<?xml version="1.0" encoding="utf-8" ?>
        <Server Name="DevelopmentServerName" Type="Web" Environment="Development" UserName="" Password="" Domain="" IP="">
        <Server Name="StagingServerName" Type="Web" Environment="Staging" UserName="" Password="" Domain="" IP="">
        <Server Name="ProductionServerName" Type="Web" Environment="Production" UserName="" Password="" Domain="" IP="">
        <Server Name="ProxyServerName" Type="Proxy" Environment="Production" UserName="" Password="" Domain="" IP="">
        <Server Name="MailServerName" Type="Mail" Environment="Production" UserName="" Password="" Domain="" IP="">
        <ConnectionString Database="Northwind">
          <Primary>server=prodServerName;Integrated Security=SSPI;database=Northwind</Primary>
          <Secondary>server=secondaryProdServerName;Integrated Security=SSPI;database=Northwind</Secondary>
          <Staging>server=stagingServerName;Integrated Security=SSPI;database=Northwind</Staging>
          <Development>server=devServerName;Integrated Security=SSPI;database=Northwind</Development>
        <ConnectionString Database="Pubs">
          <Primary>server=prodServerName;Integrated Security=SSPI;database=Pubs</Primary>
          <Secondary>server=secondaryProdServerName;Integrated Security=SSPI;database=Pubs</Secondary>
          <Staging>server=stagingServerName;Integrated Security=SSPI;database=Pubs</Staging>
          <Development>server=devServerName;Integrated Security=SSPI;database=Pubs</Development>

    Once the ServerConfig.config file is created you can reference it in web.config (or better yet, in a higher level config file that is global to the server) by adding the following:

        <!-- Suggest placing this in a more global location rather than in multiple web.config files -->
            <add key="ServerConfigPath" value="~/ServerConfig.config"/>

    The "ServerConfigPath" key is a fixed name in this case since the object model looks specifically for that key.  Where you put the ServerConfig.config file is up to you of course, but putting it in a place that multiple Web applications can access is recommended. 

    A sample of accessing the Northwind database connection string from a data layer class is shown below.  A class named ServerConfigManager does all the work of looking up the proper connection string to use based upon the domain that the application is currently running within.  If no matching domain is found, it defaults to the development environment (that behavior can certainly be changed) and returns the development connection string.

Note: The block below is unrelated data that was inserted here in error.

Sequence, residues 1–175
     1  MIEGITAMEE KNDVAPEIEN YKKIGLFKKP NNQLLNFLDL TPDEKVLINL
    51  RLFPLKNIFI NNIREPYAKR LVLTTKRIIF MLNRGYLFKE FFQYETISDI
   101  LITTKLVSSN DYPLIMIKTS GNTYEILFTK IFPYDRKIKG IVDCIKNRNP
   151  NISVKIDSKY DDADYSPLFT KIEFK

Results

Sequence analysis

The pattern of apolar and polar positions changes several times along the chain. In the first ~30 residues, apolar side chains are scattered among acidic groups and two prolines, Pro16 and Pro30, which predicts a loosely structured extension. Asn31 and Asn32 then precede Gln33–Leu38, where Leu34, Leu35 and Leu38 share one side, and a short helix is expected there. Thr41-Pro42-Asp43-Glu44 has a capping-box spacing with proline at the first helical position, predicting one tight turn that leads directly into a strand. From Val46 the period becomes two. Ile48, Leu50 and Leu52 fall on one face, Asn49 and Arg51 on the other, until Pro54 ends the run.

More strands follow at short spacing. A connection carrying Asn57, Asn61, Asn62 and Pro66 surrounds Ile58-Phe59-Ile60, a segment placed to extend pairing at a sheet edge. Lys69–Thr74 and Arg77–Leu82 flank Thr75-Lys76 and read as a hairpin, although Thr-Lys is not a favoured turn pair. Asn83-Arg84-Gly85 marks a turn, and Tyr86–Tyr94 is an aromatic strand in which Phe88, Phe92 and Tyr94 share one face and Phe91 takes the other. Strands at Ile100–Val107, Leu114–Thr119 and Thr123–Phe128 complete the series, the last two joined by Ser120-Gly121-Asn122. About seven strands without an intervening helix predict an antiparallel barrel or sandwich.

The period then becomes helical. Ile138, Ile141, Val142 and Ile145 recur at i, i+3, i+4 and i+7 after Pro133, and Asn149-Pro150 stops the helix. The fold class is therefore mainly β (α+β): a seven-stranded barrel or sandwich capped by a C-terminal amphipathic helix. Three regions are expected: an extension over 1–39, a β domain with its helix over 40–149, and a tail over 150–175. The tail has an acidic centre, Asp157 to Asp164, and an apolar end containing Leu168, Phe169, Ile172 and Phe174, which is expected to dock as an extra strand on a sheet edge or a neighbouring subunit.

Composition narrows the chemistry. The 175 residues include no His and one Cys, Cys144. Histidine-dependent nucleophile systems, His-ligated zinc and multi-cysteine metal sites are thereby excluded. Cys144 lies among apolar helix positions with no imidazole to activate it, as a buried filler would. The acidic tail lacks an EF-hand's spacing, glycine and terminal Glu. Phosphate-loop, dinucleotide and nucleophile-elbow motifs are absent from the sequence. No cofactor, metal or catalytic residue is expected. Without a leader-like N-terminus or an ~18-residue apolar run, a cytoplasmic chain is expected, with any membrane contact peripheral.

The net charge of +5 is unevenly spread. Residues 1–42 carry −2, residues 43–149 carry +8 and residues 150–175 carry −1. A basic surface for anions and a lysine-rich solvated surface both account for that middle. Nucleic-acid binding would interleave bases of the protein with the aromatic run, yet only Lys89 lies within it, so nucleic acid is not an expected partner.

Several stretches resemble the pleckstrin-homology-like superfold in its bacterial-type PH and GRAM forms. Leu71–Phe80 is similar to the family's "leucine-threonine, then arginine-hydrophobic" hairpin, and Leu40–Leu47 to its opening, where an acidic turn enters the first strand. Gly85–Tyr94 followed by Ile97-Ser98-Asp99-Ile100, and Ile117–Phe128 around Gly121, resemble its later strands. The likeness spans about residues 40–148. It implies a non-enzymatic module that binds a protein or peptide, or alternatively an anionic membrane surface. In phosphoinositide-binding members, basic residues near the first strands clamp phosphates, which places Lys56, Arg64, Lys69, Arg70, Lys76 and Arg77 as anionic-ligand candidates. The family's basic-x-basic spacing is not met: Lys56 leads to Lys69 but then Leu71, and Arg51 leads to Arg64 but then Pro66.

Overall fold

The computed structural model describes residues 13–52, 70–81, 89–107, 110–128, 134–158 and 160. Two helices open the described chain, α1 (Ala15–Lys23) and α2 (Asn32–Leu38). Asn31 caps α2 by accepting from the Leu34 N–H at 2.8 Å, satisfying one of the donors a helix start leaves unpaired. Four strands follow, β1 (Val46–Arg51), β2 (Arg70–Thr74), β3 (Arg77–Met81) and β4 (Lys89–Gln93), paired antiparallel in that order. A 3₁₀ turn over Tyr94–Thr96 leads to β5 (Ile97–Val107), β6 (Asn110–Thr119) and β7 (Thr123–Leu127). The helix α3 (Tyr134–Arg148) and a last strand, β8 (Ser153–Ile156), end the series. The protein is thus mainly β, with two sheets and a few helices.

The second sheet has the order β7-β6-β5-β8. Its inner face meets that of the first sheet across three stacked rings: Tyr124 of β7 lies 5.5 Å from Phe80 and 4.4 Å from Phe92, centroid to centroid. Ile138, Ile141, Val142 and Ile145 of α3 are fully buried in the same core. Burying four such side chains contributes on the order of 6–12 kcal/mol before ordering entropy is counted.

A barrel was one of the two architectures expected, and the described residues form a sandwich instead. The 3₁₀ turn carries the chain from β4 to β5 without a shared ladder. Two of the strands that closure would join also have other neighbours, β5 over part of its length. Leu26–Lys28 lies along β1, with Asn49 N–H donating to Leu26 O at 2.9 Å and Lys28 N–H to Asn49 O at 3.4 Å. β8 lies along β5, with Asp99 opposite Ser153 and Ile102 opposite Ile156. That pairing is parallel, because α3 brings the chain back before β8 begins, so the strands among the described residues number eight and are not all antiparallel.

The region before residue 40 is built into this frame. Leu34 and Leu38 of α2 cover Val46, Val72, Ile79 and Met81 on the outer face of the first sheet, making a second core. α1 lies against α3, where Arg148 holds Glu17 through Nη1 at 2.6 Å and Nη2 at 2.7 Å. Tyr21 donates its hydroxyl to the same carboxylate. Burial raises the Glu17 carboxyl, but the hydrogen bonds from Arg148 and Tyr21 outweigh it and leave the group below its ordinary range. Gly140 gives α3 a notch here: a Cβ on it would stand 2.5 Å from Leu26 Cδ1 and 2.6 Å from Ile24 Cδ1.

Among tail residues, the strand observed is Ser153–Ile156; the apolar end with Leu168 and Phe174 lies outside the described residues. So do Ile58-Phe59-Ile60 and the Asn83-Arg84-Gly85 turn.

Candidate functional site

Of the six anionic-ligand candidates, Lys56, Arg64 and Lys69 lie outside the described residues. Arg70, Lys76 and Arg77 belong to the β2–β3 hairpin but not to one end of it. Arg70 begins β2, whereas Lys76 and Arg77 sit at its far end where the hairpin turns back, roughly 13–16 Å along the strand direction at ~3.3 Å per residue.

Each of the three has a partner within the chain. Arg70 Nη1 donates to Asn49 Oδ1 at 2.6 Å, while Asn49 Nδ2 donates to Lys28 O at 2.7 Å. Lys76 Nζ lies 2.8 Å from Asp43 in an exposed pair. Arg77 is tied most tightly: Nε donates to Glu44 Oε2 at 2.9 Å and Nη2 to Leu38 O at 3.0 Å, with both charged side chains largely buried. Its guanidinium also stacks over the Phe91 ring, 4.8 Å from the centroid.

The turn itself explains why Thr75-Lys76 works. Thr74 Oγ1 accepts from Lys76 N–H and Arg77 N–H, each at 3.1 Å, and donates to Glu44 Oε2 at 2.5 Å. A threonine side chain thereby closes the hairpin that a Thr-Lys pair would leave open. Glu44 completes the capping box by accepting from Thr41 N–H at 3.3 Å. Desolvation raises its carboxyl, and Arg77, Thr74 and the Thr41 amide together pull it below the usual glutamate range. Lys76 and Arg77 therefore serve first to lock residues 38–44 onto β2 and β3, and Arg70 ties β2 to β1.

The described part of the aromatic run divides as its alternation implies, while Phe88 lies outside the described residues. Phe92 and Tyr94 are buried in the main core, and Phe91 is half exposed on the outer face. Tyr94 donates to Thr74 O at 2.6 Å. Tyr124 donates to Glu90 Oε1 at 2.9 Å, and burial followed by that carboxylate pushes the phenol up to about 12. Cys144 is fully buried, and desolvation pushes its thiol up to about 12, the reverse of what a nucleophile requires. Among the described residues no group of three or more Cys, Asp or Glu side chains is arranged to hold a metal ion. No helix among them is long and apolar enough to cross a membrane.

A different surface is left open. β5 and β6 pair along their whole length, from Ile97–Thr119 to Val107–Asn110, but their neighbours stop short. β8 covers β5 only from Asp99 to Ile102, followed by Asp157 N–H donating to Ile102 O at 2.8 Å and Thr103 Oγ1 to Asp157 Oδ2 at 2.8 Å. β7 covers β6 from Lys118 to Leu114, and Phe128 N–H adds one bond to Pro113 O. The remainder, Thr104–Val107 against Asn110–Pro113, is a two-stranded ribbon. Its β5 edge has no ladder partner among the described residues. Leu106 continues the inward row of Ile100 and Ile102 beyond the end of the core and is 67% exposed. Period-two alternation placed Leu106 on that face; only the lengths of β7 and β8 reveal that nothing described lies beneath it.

• My Latest ASP.NET AJAX Articles

    Over the past few months I've been writing articles for the .NET Insight insight newsletter covering various ASP.NET AJAX concepts.  The articles are designed to be focused and concise and get straight to the topic without a lot of fluff.  Everything written to this point is listed below:

  • ASP.NET AJAX Script Library Patch for iPhone 1.01 Software Update

    Matt Gibbs recently posted about an update to the ASP.NET AJAX Script library that fixes functionality broken when trying to run ASP.NET AJAX-enabled pages in the iPhone's Safari browser when the 1.01 software update has been applied to a phone.  He posts a step-by-step guide to using the scripts and explains what was changed in case you're interested.

  • C# 3.0 Features: Object Initializers

    C# 3.0 is just around the corner so I thought I'd start writing about a few of the features that it exposes and provide quick and concise examples of how they can be used.  Many of the new features rely on the compiler to generate code that you would have had to write in the past. This can result in significantly less code compared to C# 2.0 syntax in many cases.  Here's a list of some of the key features available in C# 3.0:

comments powered by Disqus